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ganderson64

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Posted 04 March 2024 - 02:22 PM

Is it possible to store consumer packaged cheese above packaged meat products on warehouse racking if there is a solid barrier under the cheese products. We are a warehouse distribution environment. All meat and cheese arrives on our docks pre-packaged for delivery to the end user.



kingstudruler1

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Posted 04 March 2024 - 04:16 PM

Since you used # Warehouse Best Practices, I dont think anyone would tell you its the best solution.   

 

I understand that there are most likely multiple levels of packaing for both products.   The risk is of contamination is very low in your situation.   

 

Is there a particular food safety standard you are using (SQF, BRCGS, etc)?


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ganderson64

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Posted 04 March 2024 - 04:55 PM

We are an SQF certified facility.



SQFconsultant

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Posted 04 March 2024 - 04:58 PM

Is it possible - yes, this kind of sh*t happens everyday!

 

Is it advisable - NO.


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jfrey123

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Posted 04 March 2024 - 06:33 PM

Since you're speaking to a distribution scenario where nothing ever gets opened and everything is sealed, I agree the risk is low: for cross contamination to occur, only actual risk of cross contamination is if a forklift were to punch the cheese pallets open and then immediately punch into the meat and then send it to a customer. Even if that were to happen, simple checks for package integrity prior to shipment can address the issue.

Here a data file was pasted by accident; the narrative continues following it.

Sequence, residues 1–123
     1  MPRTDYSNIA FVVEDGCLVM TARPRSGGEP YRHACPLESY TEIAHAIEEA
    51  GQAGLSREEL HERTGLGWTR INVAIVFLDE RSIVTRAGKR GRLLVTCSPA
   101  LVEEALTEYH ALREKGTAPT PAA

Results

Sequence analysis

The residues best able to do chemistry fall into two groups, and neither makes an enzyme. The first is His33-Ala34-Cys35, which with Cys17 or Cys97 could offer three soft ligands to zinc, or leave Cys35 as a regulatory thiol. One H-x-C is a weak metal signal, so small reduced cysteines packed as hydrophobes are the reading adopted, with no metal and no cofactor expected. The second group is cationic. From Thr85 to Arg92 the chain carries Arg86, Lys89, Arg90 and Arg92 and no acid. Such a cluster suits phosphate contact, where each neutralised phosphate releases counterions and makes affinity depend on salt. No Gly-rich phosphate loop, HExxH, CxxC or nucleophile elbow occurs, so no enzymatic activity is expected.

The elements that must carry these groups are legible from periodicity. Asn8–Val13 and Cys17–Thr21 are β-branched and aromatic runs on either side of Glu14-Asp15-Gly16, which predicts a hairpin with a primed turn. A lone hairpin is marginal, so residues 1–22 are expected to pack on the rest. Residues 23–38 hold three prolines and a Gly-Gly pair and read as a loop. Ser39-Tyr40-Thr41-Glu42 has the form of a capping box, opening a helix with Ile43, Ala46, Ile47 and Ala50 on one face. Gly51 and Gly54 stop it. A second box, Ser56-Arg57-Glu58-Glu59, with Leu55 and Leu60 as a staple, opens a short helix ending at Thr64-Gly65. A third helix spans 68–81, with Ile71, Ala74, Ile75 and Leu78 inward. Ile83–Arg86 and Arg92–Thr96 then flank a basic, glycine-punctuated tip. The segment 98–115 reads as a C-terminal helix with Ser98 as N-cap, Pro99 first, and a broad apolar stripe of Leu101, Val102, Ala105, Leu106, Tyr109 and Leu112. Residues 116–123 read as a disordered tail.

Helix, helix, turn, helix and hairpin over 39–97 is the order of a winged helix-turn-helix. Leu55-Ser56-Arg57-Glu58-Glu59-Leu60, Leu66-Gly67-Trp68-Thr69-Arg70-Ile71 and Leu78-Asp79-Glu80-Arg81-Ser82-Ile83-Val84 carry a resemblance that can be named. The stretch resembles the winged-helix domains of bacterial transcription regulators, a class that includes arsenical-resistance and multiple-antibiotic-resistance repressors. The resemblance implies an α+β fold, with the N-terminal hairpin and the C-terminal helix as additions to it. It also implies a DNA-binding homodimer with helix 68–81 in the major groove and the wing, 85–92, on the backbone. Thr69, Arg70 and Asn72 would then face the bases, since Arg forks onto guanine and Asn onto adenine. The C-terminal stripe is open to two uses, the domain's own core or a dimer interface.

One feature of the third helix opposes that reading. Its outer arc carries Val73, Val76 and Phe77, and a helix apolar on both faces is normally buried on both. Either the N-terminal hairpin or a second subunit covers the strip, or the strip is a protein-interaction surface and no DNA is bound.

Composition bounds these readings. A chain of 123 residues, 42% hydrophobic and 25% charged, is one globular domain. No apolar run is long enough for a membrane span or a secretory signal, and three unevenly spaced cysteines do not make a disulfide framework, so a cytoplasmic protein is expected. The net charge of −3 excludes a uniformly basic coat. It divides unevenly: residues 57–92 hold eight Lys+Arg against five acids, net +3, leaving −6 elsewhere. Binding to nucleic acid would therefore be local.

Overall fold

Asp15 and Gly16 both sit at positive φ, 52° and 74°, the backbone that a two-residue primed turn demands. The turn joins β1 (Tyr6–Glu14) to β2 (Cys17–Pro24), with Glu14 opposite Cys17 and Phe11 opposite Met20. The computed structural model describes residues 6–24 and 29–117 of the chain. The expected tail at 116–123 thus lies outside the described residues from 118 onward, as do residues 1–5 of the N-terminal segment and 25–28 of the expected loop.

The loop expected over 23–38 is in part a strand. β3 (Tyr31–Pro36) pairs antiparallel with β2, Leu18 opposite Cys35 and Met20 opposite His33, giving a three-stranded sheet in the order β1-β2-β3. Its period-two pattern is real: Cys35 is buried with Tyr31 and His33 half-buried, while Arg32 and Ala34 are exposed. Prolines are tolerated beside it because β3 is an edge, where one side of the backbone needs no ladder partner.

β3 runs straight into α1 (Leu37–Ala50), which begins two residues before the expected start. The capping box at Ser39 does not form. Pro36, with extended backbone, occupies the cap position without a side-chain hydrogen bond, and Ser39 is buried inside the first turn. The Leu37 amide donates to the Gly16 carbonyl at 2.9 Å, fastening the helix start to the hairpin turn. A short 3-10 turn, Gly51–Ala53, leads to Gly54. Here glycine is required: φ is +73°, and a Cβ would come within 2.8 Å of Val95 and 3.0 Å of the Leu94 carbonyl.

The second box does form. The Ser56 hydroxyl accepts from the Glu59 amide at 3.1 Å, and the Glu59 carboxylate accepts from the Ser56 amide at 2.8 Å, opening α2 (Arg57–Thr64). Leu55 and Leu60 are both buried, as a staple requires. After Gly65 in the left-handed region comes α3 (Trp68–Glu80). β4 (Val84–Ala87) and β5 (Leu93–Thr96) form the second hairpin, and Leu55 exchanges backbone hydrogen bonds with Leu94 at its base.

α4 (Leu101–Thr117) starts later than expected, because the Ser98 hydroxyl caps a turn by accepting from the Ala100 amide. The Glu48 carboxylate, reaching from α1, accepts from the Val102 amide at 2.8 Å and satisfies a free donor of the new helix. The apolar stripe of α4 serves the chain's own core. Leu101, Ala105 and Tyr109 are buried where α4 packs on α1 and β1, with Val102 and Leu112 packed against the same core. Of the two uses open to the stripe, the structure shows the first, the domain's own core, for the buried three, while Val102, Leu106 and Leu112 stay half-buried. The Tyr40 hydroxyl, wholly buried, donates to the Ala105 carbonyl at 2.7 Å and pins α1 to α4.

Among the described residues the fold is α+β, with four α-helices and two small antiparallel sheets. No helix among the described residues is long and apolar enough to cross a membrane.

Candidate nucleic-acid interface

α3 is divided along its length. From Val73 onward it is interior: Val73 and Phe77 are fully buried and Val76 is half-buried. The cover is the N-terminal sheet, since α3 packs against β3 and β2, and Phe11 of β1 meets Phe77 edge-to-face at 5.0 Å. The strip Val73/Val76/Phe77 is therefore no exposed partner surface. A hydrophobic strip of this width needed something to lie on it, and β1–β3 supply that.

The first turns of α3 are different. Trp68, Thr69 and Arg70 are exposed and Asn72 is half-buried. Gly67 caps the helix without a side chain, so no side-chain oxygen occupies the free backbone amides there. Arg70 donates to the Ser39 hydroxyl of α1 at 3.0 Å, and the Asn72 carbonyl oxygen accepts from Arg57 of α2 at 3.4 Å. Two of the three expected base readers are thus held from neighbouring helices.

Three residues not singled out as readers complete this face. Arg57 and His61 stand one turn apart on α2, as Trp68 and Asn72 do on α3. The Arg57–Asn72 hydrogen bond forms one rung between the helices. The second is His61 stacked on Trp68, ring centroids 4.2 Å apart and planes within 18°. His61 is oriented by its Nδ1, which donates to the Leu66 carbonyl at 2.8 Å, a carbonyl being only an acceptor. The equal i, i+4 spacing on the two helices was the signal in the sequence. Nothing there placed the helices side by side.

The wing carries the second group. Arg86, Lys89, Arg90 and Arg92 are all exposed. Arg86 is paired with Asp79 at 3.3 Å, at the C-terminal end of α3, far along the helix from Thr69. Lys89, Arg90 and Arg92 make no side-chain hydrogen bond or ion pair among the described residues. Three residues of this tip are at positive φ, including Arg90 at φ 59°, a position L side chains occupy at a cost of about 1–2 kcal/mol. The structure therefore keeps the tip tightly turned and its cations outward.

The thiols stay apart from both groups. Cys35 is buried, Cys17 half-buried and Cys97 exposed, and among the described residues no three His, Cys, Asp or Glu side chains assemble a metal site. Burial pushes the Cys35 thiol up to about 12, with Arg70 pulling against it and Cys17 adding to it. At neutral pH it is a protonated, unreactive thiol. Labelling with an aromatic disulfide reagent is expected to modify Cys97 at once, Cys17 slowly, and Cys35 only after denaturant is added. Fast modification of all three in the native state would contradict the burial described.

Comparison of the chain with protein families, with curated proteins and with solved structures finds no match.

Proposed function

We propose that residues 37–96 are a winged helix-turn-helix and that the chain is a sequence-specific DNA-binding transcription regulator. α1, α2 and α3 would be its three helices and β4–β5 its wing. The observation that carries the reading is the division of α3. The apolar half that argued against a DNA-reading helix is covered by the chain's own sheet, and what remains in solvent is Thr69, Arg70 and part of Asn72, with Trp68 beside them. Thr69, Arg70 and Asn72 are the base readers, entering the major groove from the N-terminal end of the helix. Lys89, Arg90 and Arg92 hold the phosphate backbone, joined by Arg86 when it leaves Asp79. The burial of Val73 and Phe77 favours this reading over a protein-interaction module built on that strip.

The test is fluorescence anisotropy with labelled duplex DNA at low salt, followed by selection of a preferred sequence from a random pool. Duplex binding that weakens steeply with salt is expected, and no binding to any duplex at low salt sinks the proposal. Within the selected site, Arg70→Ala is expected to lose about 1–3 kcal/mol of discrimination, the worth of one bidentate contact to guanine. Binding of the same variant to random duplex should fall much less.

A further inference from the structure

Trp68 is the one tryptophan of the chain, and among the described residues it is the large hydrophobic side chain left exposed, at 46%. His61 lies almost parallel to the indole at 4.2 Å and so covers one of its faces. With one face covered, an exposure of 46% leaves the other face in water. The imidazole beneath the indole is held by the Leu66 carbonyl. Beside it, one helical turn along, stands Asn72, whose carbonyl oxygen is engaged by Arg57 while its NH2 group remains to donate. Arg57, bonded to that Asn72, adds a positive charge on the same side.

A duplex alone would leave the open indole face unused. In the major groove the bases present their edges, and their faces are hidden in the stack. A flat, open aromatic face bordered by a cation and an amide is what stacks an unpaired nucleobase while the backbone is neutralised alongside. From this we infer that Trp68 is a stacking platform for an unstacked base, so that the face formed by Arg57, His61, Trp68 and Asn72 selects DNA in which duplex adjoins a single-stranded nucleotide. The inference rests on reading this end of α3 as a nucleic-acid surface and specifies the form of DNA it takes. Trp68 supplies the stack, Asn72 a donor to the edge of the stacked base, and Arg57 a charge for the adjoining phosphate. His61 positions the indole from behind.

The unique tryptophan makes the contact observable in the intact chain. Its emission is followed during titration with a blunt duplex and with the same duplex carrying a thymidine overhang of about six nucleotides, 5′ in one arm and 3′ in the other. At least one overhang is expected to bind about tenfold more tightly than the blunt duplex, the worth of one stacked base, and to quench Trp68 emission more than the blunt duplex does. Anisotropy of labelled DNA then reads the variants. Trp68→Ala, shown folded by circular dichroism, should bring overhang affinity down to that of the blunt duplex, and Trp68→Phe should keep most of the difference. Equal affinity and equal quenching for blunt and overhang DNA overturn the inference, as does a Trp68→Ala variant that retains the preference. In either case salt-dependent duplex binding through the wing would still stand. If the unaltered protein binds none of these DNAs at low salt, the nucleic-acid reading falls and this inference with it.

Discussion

That said, GFSI codes are written to cover so many facilities that they have to call for zero chance of violating a principal. Segregation of allergens is hard written into many schemes as an intended fool proof method to avoid allergen cross-contamination. But if you're strictly a distribution facility, you can write your program to address the potential hazards, and so long as there's evidence of you following your program, it should be fine.

Take SQF for example: in their code for Allergen Management for Distribution sites, they call out 2.8.1.1. It does not specifically state segregation as a requirement, only stating "[t]he allergen management controls shall be based on a risk assessment and include the identification, labeling, and handling of allergen-containing product, including product recoup, to prevent inadvertent cross contact." For that example, you need a risk assessment identifying how cross-contamination would occur, and how you prevent it. Part of that can include your hold program, placing packages on hold if they're damaged or seals are broken, and investigations to show no other products were contaminated by the unsealed.

Segregation is easier, but if you go through the steps to prove you've eliminated the chance of cross contamination, then proudly display your program to auditors and defend it when questioned.



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MDaleDDF

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Posted 04 March 2024 - 06:59 PM

I wouldn't, if for no other reason, to make your own life easier.   Jfrey says be ready to defend against an auditor, and I agree, abut in my experience, some auditors will write you up no matter what proof you show them.    I had it happen to me and had to appeal, etc.   I finally won, but it was a giant pita.....


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Lynx42

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Posted 04 March 2024 - 08:06 PM